Thomasville Times Enterprise

March 19, 2014

LETTER TO THE EDITOR: We must check our compasses


— Yes, you too could land at the wrong airport!

Have you searched for an item and overlooked it as you went from shelf to shelf only to find it was right in front of you when you searched the first time? We are all prone to make this mistake. Psychologists call it “confirmation bias,” and it refers to the human tendency to seek that which affirms and blank out that which disapproves.

Recently, two very experienced airline captains and their copilots landed at wrong airports after becoming certain they were lined up at the correct ones. The rest of us, in the same circumstance, might have created the same mistake for ourselves (and our passengers) had we suffered their “confirmation biases,” becoming assured that we were just right to land due to the night visual cues that we unconsciously sought to confirm our initial belief that we were where we were supposed to be, relying on them, rather than the compass heading that clearly told us, “Don’t do it, Jack. This ain’t the place!”

In politics, we have the tendency to see what we want to see and disregard that which we don’t. As an example, most of us want peace and prosperity. However, if we are cued on what the opposition is spouting about the matter at hand, we tend to let that override what we think about it instead of giving it the critical thought it deserves. Also, in matters of race, one is reminded of a president’s statement when a Harvard area white policeman arrested a black professor (who was breaking into his own home) to the effect that the policeman was totally wrong, and also that in the matter of the Florida brown and black person altercation in which the black person died, that the black person must have been right (and the brown person wrong) because the black person was the same color as him, in effect showing “confirmation bias” in which he dismissed as unimportant all information but skin color.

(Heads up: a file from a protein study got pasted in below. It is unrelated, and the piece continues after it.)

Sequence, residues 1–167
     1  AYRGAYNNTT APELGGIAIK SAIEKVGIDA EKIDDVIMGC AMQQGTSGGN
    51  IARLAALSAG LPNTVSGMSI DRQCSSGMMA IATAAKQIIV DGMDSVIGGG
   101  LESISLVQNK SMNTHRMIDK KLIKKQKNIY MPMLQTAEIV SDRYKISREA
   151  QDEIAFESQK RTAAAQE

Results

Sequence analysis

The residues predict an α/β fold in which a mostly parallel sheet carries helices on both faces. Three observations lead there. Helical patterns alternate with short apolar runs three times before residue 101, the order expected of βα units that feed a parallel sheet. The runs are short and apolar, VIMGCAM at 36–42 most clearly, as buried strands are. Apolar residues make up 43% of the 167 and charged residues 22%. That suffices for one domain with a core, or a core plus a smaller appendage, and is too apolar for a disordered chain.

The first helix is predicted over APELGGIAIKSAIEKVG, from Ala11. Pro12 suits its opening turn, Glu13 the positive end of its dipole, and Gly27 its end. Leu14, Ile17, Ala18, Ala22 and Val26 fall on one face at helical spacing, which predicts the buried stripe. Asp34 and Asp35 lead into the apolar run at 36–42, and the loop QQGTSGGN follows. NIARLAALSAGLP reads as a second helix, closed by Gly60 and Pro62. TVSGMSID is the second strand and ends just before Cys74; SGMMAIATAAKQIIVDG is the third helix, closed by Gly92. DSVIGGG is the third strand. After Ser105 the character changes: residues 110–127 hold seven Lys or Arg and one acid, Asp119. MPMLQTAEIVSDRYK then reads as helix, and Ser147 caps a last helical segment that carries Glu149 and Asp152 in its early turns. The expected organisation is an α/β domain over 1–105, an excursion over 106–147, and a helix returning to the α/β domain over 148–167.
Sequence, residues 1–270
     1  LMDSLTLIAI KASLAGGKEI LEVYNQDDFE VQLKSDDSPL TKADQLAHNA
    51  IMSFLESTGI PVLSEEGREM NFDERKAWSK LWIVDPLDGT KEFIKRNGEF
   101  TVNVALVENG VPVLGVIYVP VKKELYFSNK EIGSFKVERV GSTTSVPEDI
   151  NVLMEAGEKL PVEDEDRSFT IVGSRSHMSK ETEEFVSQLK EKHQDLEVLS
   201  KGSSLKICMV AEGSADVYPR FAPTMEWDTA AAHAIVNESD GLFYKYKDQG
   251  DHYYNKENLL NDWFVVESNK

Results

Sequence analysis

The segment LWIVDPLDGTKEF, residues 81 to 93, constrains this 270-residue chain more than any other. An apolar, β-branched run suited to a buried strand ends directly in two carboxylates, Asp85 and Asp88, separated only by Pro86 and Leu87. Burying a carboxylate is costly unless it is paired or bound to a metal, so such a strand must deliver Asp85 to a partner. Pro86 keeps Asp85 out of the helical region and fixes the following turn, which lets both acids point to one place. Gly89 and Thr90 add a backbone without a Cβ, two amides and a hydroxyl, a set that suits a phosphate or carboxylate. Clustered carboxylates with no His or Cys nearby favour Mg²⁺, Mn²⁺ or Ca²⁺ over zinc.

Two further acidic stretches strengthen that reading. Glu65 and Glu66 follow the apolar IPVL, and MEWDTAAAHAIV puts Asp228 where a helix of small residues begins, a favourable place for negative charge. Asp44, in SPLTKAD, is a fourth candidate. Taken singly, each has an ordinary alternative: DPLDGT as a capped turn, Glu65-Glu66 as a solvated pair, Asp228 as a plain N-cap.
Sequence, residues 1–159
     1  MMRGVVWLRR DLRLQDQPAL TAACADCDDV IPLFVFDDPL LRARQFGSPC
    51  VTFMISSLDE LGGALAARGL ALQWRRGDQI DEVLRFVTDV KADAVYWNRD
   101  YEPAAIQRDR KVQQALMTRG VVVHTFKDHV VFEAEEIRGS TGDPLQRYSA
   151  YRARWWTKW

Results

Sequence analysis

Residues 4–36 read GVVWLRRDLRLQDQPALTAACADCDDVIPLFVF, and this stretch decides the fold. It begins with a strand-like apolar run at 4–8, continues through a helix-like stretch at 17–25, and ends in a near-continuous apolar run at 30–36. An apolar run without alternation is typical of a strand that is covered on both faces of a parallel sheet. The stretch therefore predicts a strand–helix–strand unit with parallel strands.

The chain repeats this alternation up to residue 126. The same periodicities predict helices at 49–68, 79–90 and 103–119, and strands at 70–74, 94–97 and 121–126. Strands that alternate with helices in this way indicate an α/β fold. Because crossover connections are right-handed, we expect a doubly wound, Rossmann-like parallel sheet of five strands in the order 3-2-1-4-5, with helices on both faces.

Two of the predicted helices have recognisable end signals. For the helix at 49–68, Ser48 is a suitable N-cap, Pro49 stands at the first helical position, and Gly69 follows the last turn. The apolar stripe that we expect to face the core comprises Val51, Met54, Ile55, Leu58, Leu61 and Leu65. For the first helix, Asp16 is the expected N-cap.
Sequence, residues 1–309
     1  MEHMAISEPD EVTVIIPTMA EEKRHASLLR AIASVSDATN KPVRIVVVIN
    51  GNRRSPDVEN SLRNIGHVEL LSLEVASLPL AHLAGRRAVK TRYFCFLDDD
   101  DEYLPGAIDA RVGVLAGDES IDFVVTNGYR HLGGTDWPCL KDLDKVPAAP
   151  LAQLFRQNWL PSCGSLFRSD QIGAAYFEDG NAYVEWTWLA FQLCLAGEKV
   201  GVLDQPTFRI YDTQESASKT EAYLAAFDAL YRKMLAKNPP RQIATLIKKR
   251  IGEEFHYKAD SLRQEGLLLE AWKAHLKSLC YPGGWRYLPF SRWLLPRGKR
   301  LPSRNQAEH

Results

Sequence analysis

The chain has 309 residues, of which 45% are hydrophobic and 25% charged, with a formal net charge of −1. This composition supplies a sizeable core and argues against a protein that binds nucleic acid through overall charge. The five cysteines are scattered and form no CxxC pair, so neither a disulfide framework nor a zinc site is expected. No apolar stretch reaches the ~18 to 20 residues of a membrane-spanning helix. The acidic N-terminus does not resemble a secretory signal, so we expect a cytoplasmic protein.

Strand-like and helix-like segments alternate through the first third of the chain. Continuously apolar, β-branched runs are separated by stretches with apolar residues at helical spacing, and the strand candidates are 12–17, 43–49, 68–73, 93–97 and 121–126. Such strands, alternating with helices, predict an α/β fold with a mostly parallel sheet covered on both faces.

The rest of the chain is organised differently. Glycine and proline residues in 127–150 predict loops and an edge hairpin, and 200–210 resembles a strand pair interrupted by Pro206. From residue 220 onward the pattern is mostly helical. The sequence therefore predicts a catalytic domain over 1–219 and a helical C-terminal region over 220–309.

When clear thinking is in order, each of us needs to ask ourselves what is important to achieve; and if it is to “land at the correct airport,” that is, the one that gives us and those who travel with us — friends, family, community country — the safe landing we should all be shooting for, then we must check all our instruments — most of all our compasses — discard the biases we have and touch down on the right runway. We are all responsible.

Jack Pope